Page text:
8. 8. Department knew about death trap factory (Mail & Guardian, 24 Nov 2000) Witch-hunt for whistleblowers (Mail & Guardian, 15 Mar 2002) Minister on warpath after AIDS report leak (Star, 21 Mar 2002) Arms deal leak: who blew the whistle? (Mail & Guardian, 21 Mar 2002)Culture of silence keeps sodomy under wraps (IOL, 18 June 2002) Sex slaves, drugs and video tape (Star, 18 June 2002) Burn the evidence or your job’s on the line (Star, 20 June 2002)
    9. 9. Enron, WorldCom, Tyco Phar-Mor, Regal, Barrings, Beige Leisurenet, Lenasia, Groetvlei, ZZZZ Best, (and all the rest) The question is, whose next?©ODAC 2001www.opendemocracy.org.za
    10. 10. Globally• Wikileaks…but what of source protection?• Rise of whistleblowing-to-journalists facilities e.g. Open Leaks, Green Hornet• Leaks and the future of journalism: “The task of aggregating and verifying multiple sources and data depends fundamentally on trust. Trust that the facts are accurate. Trust that appropriate weight has been given to context. And, make no mistake, ladies and gentleman, trust in the journalistic profession is a scarce commodity”. Lionel Barber• Actually about journalism and rise of internet.
    11. 11. No-one else can be bothered?Nothing will be done I don‟t want to be a sneak It‟ll only cause trouble It‟s only a suspicion Why not just keep quiet? Worried by mbtphoto (Flikr)
    12. 12. I’m worried about telling my manager:• What if I am required to prove it?• How far up does it go?• What if I am wrong?
    13. 13. Who?How?What will they do?What if I‟m foundout?
    14. 14. Break into groups of 4 or 5 For report back, list 3 key reasonsyou have seen in your environmentwhich might mean people won‟t blow the whistle?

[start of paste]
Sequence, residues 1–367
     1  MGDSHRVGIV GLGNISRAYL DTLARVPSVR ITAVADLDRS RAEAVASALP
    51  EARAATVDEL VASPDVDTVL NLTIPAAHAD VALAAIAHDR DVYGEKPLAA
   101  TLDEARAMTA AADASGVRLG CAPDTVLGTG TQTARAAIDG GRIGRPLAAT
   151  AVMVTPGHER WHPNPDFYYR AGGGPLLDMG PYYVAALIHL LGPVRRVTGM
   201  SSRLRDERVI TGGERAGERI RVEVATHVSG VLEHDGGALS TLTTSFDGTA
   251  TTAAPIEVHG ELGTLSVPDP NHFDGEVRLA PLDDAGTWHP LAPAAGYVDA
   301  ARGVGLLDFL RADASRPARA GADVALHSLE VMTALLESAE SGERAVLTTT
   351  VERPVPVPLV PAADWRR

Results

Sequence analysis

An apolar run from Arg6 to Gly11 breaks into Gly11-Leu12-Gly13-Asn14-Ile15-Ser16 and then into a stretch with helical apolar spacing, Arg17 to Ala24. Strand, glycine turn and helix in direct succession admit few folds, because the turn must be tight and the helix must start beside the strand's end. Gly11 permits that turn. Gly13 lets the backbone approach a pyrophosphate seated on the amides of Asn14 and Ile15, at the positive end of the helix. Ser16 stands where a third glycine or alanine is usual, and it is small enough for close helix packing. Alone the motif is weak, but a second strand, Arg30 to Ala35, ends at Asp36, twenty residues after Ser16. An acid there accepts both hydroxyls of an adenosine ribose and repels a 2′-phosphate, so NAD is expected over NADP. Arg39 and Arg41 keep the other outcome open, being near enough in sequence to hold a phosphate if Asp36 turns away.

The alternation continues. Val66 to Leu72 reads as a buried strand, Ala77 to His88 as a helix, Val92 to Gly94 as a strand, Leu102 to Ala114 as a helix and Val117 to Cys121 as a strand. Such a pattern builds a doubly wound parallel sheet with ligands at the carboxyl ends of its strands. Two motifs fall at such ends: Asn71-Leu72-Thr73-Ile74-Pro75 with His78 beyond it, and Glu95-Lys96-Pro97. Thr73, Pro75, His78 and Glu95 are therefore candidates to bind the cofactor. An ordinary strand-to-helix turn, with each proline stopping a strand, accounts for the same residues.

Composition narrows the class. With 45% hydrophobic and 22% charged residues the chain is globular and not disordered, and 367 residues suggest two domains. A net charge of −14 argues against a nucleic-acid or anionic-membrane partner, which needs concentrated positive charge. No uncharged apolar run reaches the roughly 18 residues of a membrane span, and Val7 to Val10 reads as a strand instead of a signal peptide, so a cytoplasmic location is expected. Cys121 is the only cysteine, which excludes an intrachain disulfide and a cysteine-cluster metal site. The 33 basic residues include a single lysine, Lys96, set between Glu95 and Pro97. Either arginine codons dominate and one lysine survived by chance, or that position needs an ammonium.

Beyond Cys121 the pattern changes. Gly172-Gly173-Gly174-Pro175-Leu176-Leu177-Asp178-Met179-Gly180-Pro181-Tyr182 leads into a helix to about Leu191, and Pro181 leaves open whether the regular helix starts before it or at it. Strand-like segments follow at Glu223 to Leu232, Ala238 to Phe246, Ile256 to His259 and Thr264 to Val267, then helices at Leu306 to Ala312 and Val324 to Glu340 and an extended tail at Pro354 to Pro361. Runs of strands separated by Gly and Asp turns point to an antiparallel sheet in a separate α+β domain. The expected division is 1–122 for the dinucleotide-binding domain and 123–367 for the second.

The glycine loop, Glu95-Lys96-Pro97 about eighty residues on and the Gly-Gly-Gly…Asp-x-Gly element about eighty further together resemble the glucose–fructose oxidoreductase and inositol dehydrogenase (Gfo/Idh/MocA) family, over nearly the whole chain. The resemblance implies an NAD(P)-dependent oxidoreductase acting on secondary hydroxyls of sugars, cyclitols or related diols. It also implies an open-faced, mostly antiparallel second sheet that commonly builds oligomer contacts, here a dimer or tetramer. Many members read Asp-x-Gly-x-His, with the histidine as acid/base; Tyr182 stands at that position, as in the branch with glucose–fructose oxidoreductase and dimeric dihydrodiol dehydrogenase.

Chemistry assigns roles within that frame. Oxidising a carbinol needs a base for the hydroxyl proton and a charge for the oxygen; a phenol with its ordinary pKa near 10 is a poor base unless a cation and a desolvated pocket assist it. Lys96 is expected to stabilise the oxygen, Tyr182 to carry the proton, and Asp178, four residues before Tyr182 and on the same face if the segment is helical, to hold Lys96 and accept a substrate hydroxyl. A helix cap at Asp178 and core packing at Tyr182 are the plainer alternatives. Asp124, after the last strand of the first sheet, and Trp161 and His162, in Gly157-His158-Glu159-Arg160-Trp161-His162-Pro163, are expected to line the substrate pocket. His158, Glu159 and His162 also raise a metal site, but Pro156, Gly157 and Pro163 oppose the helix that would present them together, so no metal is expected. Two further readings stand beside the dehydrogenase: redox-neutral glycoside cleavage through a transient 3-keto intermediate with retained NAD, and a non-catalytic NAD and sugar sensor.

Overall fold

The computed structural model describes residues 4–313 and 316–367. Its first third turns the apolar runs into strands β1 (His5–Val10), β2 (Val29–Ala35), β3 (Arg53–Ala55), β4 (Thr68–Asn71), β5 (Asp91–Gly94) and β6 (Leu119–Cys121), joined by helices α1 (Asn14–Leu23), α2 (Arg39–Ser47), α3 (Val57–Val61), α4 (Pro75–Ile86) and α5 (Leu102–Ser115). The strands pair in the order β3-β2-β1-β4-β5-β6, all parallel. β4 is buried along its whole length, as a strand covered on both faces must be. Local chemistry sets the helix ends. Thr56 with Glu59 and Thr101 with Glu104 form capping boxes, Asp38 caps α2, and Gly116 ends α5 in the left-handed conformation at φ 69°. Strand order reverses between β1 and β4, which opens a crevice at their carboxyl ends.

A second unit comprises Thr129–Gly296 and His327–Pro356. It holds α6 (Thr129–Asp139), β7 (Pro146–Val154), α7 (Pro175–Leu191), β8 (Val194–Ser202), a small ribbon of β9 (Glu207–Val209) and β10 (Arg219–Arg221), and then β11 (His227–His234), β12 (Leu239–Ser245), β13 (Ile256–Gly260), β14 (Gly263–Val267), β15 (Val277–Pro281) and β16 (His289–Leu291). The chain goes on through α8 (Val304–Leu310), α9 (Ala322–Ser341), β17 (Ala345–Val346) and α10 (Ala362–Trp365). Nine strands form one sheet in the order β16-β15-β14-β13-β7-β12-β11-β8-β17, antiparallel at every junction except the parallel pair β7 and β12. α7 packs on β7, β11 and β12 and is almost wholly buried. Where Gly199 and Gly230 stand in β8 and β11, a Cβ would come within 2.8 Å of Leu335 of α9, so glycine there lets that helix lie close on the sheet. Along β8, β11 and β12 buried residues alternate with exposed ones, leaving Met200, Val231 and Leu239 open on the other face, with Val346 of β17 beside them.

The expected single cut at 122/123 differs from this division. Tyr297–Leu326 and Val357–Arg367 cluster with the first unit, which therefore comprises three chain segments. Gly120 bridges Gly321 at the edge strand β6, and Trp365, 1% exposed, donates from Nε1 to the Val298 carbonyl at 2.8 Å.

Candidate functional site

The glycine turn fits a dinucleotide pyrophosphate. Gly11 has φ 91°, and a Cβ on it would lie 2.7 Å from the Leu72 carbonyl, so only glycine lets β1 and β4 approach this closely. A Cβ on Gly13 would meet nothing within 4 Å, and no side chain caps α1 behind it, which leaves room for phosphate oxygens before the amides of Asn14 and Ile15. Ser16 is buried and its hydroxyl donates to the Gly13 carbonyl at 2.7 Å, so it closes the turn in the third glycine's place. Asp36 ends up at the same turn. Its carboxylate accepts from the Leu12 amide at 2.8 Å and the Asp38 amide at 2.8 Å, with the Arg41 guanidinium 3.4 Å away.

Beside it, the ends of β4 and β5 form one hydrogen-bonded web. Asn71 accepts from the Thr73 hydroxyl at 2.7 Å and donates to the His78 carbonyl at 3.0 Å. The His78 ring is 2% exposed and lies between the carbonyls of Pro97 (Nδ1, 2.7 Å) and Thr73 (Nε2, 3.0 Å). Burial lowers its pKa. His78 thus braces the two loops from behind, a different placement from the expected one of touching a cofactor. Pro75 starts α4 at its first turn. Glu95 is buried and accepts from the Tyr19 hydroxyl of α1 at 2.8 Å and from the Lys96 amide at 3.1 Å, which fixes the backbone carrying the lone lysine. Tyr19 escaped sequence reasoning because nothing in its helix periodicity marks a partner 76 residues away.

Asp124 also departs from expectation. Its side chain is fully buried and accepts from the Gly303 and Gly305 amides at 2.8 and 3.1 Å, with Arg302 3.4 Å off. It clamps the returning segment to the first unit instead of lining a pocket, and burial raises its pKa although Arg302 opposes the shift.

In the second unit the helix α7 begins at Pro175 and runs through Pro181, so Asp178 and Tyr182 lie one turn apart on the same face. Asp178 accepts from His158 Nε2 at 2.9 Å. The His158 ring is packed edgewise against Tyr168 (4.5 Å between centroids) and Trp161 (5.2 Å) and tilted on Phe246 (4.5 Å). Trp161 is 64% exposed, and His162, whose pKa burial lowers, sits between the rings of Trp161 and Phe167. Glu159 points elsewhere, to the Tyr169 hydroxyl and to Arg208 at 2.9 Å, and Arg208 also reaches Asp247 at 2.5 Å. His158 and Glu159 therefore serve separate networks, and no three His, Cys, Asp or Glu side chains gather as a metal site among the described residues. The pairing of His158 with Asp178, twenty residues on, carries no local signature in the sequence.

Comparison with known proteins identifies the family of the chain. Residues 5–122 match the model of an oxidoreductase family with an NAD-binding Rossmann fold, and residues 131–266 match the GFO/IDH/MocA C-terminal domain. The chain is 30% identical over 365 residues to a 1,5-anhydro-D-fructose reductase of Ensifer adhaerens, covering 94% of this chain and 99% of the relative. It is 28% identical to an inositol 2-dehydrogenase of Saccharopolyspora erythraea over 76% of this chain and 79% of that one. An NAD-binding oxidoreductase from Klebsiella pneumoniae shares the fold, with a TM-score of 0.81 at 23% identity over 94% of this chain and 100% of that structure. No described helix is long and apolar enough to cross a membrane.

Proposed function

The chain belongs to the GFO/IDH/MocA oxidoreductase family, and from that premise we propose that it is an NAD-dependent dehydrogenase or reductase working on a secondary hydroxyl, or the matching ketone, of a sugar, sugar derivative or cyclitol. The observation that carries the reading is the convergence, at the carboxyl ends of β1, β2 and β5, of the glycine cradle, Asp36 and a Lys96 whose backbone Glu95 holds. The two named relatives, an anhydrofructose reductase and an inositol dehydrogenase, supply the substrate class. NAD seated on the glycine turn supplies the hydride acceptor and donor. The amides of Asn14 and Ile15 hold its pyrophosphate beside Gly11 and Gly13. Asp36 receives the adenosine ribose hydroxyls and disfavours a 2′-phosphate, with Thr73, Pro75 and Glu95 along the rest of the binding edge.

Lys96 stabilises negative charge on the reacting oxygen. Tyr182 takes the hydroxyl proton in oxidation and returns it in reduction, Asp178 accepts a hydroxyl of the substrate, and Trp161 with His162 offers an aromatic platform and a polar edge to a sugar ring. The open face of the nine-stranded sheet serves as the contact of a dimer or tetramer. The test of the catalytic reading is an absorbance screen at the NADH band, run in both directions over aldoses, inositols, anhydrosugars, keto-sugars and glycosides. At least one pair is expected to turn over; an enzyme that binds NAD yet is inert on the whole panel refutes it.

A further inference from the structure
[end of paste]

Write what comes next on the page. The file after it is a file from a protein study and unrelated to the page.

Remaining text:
15. 15. The South African experienceTransition to democratic rule characterised by High levels of crime - including widespread corruption Whistleblowers viewed as ‘impimpis’ or informants Leading to initiatives to promote transparency and fight corruption including the Promotion of Access to Information Act 2000 and the Protected Disclosures Act 2000
    16. 16. The Protected Disclosures Act 2000
    17. 17. Aims:The new law aims to provide a statutory framework which Reassures workers with genuine concerns that there is a safe alternative to silence Promotes better accountability Makes risk management an issue for all staff and managers Helps everyone separate the message from the messenger
    18. 18. Applies to every employer and protects every employeeWide definition of wrongdoingProvides for financial (and other) compensationCovers malpractice or “impropriety” which occurs outside the Republic ofSouth AfricaAllows disclosures of impropriety to person other than employer Image from The University of Iowa Libraries
    19. 19. Detriment or dismissal automatically unfairOnce you show the detriment, the employer would then have to provide evidence that this was fair or they will lose in the CCMA...